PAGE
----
So far so good?
Stocks ended the first full week of earnings season on a strong note Friday, boosting the Dow Jones Industrial Average DJIA,
and Nasdaq Composite COMP,
to its biggest weekly earnings since June. It gets busier in the coming week, with 165 S&P 500 companies, including 12 Dow components, due to report results, according to FactSet, making it the busiest week of the season.
The profit bar was set high last year as the global economy reopened from its pandemic-induced state. “Fast-forward to this year, earnings face tougher year-over-year comparisons. Add in the heightened risk of a recession, still-high inflation and an aggressive Fed tightening cycle, and it’s no surprise that the sentiment surrounding the current 3Q22 earnings season is cautious,” said Larry Adam, chief investment officer for the private client. group at Raymond James, in a Friday note.
“We have reason to believe that the 3Q22 earnings season will be better than feared and could turn out to be as positive a catalyst for stocks as the 2Q22 results were,” he wrote.
Read: Stocks are trying to bounce back as earnings season kicks off. This is what is needed for the gains to be sustained.
Better-than-feared earnings were credited as helping fuel a stock market rally from late June to early August, with shares recovering sharply from what were then 2020 lows before succumbing to new rounds of selling that , in late September, brought the S&P 500 to its lowest close since November 2020.
While earnings weren’t the only factor in last week’s gains, they probably didn’t hurt.
The number of S&P 500 companies reporting positive earnings surprises and the magnitude of these earnings surprises increased over the past week, John Butters, senior earnings analyst at FactSet, said in a note Friday.
Even with that improvement, however, earnings remain below long-term averages.
As of Friday, 20% of S&P 500 companies had reported third-quarter results. Of these companies, 72% reported actual earnings per share, or EPS, above estimates, which is below the 5-year average of 77% and below the 10-year average of 73%, Butters said. Collectively, the companies report earnings that beat estimates by 2.3%, below the 5-year average of 8.7% and below the 10-year average of 6.5%.
Meanwhile, the combined earnings growth rate, which combines the actual results of companies that have reported with the estimated results of companies that have not yet done so, rose to 1.5% from 1.3%. at the end of last week, but it was still below the estimated earnings growth rate at the end of the quarter at 2.8%, it said. And both the number and magnitude of positive earnings surprises are below their 5- and 10-year averages. Year-over-year, the S&P 500 is reporting its lowest earnings growth since the third quarter of 2020, according to Butters.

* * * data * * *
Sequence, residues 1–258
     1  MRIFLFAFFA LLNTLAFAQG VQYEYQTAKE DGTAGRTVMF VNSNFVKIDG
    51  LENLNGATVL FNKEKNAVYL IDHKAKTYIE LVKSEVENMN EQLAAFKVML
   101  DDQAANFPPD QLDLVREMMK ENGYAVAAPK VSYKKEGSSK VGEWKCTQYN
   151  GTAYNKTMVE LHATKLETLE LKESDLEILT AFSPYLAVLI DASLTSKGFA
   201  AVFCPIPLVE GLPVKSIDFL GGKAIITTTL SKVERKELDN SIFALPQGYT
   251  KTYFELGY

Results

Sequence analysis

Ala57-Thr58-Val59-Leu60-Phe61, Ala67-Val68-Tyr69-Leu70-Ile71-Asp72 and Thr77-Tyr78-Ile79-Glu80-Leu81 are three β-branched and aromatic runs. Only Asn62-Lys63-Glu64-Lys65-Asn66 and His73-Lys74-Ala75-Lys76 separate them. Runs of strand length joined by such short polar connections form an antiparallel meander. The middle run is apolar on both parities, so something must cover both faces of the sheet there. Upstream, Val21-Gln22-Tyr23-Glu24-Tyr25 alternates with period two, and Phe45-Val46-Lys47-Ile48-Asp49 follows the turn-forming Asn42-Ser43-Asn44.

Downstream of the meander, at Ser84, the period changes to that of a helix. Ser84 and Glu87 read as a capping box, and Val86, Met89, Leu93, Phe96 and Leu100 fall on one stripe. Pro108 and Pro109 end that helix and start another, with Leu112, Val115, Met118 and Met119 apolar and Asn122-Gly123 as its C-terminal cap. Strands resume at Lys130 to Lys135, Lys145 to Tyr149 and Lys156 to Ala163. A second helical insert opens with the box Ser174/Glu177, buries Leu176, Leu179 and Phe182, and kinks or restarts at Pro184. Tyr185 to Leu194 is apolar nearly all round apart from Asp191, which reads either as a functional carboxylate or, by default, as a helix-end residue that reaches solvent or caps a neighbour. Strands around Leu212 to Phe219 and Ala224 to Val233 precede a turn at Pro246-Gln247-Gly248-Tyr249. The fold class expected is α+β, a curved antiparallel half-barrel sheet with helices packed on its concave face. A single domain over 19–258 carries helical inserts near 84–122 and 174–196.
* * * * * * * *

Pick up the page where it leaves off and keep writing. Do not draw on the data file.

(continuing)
The combined revenue growth rate for the third quarter was 8.5%, compared to a revenue growth rate of 8.4% last week and a revenue growth rate of 8.7% at the end of the third trimester.
Next week’s lineup represents more than 30% of the S&P 500 market capitalization, Adam said. And since the tech sector accounts for about 20% of the index’s gains, Visa Inc. V reports,
Parent Google Alphabet Inc. GOOG,
Microsoft Corp. MSFT,
amazon.com Inc. amzn,
and Apple Inc. AAPL,
will be closely watched.
Away from hindsight, guidance from executives on the way forward will be crucial amid recession fears, Adam wrote, noting that guidance has remained resilient so far, with the net percentage of companies rising by Instead of narrowing your perspective. positive.
“For example, ‘Summer of Revenge Travel’ was known to benefit airlines, but a comment from United UAL,
and Delta Airlines DAL,
suggests that demand will remain strong for the coming months and into 2023. Ultimately, the broader and better the forward guidance, the greater the confidence in our $215 S&P 500 earnings target for 2023,” Adam said. .
The rise of the US dollar DXY,
which remains not far from a two-decade high set late last month, also remains a concern.
Watch: How the strong dollar can affect your financial health
“While the degree of the impact depends on the combination of costs versus foreign sales and currency hedging, a stronger dollar generally hurts earnings,” Adam wrote.